Tuesday, July 5

The bank employers justify the closing of branches: “There are more people without primary care than without a bank”

In a decade, more than one out of every two bank branches in Spain have disappeared, which has accelerated a process of exclusion in rural and less populated areas, leaving thousands of towns without any branch. Banks have increased their office closures this year. The president of the Spanish Banking Association (AEB, which includes Santander, BBVA, Sabadell or Bankinter) has justified this process within the digital transformation that the sector is experiencing and has wanted to contextualize it: “There are more people without primary care than people who do not has a bank “.

Roldán has made these declarations in the summer courses of the UIMP that are celebrated this week in Santander. It will be the last time that he attends as a representative of the employer’s association, since he will leave office next year. The one who was a director of the Bank of Spain before his move to the private sector has defended that “for banking services there are solutions.” In this sense, it has highlighted alternatives such as using supermarkets and pharmacies as “cash providers”. Also even the municipalities. “In all the towns there is one”, has defended. In this sense, he recalled measures such as the Correos agreements such as Santander for the public company to mediate some operations of the bank chaired by Ana Botín in rural areas.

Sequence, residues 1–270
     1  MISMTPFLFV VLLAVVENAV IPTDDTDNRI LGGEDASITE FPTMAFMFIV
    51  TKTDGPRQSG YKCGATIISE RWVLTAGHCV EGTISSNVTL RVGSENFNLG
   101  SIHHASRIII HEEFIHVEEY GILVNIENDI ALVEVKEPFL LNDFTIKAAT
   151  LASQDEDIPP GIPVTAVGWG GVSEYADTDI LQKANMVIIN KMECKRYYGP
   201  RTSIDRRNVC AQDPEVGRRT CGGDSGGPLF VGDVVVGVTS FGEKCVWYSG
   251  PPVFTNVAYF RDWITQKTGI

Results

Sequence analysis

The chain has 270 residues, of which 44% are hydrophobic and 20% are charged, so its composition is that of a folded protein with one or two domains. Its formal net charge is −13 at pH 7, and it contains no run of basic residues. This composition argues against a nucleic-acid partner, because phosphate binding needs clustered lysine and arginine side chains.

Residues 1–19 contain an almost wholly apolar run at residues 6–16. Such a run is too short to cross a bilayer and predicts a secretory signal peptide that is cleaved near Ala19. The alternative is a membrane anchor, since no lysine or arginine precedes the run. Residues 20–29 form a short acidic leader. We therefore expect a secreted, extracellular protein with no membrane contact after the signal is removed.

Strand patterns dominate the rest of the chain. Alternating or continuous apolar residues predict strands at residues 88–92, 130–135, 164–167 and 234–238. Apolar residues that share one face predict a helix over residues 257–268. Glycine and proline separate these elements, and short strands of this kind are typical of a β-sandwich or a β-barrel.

Roldán has justified the situation that has led banks to announce more than 15,000 layoffs this year and the closure of hundreds of branches. “We have to understand the effects of the digital revolution, there has been a qualitative leap in customers who use these channels,” he emphasized during his presentation at the Cantabrian university. In addition, he has indicated that this seeks to “respond to a new competition”, by the new actors who provide financial services.

On this point, Roldán focused his presentation at the UIMP, known as shadow banking. This concept encompasses all service providers that are not banks and, therefore, have other rules and supervisory requirements. The employer’s leader has been very critical of the growth that this sector is having. “The shift to the non-banking sector increases the risks of financial instability that are difficult to assess,” he said.

The head of the employer’s association considers that “for the same activity and same risks, there must be the same regulation and supervision.” Roldán has argued that this is not happening, especially in the case of large technology companies that have started offering financial services. “We are obliged to open information about our clients, but they do not open their data to us,” Roldán lamented. Specifically, it has highlighted the increase in new non-bank players in services such as consumer loans or means of payment.

Regarding mergers in the sector, Roldán has defended that “they have been a good way to respond to the challenges and new competition” in banking. However, he considers that the possibilities of new operations in Spain “are less and less”. “We should already think on a European scale, in Spain there is less room for maneuver,” he said.